But . . . you know what? The weekend wasn’t over. After the concert there was still the matter of our anniversary. Fortunately, Joe and I decided to forgo the whole gift giving/ fancy dinner thing and instead spend a couple nights in Louisville. That meant I got two nights of 10+ hours sleep (Why do I always sleep better in a hotel? I refuse to admit that it might be the lack of the four-legged bed hog named Zoey that sleeps between Joe and I.) Obviously, when we made our plan, we didn’t know that I was going to be very much on the struggle bus. But, I was so grateful for those two nights of rest.

Here’s my point. Being chronically ill complicates every aspect of life. My marriage is permanently marked by the stain of illness. Joe asks how I’m feeling/ doing every single day- because my health is unfortunately a constant theme. However, Joe and I have made a commitment to having all the fun we can in our time together. Sometimes, that means taking a chance on a concert when I feel like dirt. Other times that means going honky tonking in Nashville the night before a serious doctor’s appointment at Vanderbilt. Friends, I’m far from a relationship/ general life expert, but I still have advice. Take every chance for fun. Put yourself in situations that might be hard but will also be fabulous. Obviously, make sure you’re with someone who will understand if you have to bail, but take the chance that the entire experience could be wonderful.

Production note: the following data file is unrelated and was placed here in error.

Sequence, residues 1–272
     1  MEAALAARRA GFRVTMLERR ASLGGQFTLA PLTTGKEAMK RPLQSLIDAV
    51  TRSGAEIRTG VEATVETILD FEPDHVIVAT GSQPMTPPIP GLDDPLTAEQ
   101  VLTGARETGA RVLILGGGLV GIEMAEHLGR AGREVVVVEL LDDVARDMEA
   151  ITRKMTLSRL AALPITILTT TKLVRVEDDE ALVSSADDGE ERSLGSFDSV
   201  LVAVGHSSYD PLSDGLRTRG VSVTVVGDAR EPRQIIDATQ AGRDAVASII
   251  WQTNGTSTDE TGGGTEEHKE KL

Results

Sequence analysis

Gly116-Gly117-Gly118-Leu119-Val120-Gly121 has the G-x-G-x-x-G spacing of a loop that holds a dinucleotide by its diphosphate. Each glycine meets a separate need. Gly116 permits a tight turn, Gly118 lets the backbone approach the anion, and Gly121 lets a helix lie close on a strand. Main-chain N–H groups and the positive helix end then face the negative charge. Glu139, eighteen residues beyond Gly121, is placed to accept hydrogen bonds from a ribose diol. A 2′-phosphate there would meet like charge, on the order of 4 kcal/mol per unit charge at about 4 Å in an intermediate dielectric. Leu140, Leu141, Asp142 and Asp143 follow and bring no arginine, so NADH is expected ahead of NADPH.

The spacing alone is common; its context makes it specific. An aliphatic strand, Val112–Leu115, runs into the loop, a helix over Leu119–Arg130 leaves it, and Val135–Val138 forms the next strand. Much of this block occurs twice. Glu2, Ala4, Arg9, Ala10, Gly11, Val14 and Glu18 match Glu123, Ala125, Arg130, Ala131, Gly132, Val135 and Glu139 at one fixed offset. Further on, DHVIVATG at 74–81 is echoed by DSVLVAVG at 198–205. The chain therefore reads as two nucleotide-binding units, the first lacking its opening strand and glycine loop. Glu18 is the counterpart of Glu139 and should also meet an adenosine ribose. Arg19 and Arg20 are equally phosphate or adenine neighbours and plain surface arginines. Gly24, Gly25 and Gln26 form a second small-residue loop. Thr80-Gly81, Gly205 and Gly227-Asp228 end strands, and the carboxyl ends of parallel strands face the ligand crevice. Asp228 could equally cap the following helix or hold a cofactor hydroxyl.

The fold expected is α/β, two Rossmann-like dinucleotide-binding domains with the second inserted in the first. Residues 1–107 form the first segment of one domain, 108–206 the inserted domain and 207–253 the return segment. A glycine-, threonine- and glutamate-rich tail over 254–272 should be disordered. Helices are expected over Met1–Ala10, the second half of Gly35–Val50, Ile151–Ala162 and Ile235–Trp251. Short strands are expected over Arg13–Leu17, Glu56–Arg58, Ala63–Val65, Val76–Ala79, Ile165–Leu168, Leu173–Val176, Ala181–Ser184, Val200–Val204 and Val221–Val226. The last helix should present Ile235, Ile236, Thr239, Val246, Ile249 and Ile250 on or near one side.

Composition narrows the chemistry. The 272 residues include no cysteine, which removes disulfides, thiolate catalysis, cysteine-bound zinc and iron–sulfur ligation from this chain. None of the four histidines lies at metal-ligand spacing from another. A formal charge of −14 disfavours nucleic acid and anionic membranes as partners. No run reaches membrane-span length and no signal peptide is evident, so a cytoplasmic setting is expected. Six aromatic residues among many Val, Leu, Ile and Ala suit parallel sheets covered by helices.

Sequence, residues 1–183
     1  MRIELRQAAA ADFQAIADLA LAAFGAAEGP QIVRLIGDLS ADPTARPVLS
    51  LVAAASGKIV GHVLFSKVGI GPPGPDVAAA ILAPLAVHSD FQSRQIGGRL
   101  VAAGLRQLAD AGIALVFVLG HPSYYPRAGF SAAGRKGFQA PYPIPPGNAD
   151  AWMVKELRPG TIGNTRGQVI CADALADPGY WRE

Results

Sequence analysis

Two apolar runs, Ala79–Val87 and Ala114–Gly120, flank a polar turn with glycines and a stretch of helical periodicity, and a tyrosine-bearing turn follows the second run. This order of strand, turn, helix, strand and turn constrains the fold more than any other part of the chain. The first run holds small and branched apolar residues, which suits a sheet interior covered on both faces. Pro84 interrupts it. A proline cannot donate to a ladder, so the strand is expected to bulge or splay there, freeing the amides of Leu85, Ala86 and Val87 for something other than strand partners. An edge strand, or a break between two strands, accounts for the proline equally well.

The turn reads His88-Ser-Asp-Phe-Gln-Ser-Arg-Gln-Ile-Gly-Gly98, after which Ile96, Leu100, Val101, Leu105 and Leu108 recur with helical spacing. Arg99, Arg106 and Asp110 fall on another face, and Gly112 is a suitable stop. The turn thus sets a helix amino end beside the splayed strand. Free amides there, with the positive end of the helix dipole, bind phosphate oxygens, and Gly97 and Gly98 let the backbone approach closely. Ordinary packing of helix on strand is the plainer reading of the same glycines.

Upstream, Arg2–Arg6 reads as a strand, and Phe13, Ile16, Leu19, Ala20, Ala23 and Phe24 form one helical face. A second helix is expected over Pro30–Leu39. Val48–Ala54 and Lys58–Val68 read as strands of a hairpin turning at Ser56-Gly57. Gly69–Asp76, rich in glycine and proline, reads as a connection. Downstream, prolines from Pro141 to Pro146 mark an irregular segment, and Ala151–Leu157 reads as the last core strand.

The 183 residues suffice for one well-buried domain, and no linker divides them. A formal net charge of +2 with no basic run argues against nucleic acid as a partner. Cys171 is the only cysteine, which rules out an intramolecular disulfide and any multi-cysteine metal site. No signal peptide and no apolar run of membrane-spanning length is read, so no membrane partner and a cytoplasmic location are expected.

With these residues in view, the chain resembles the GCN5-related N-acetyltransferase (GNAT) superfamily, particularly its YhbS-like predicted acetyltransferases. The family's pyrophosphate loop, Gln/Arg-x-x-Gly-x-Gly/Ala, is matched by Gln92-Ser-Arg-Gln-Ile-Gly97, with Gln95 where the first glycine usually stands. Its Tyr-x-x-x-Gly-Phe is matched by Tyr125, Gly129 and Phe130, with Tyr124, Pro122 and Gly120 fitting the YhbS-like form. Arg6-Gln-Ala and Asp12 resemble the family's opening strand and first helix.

While I’m giving advice- here’s a little more. I used Snookie (the wheelchair) in order to enjoy the concert. That wasn’t in the original plan, but she became necessary. Once we realized that I was feeling rough on Thursday, we called the venue to see if disabled seating was available. This required us to drive to Louisville a little early in order to swap our tickets. Switching to accessible seating also meant we were on Club Level, so I could go inside and cool off under air conditioning as needed. Also, by taking Snookie to the concert on Friday, I saved what little energy I had available in order to enjoy Saturday/ Sunday in Louisville.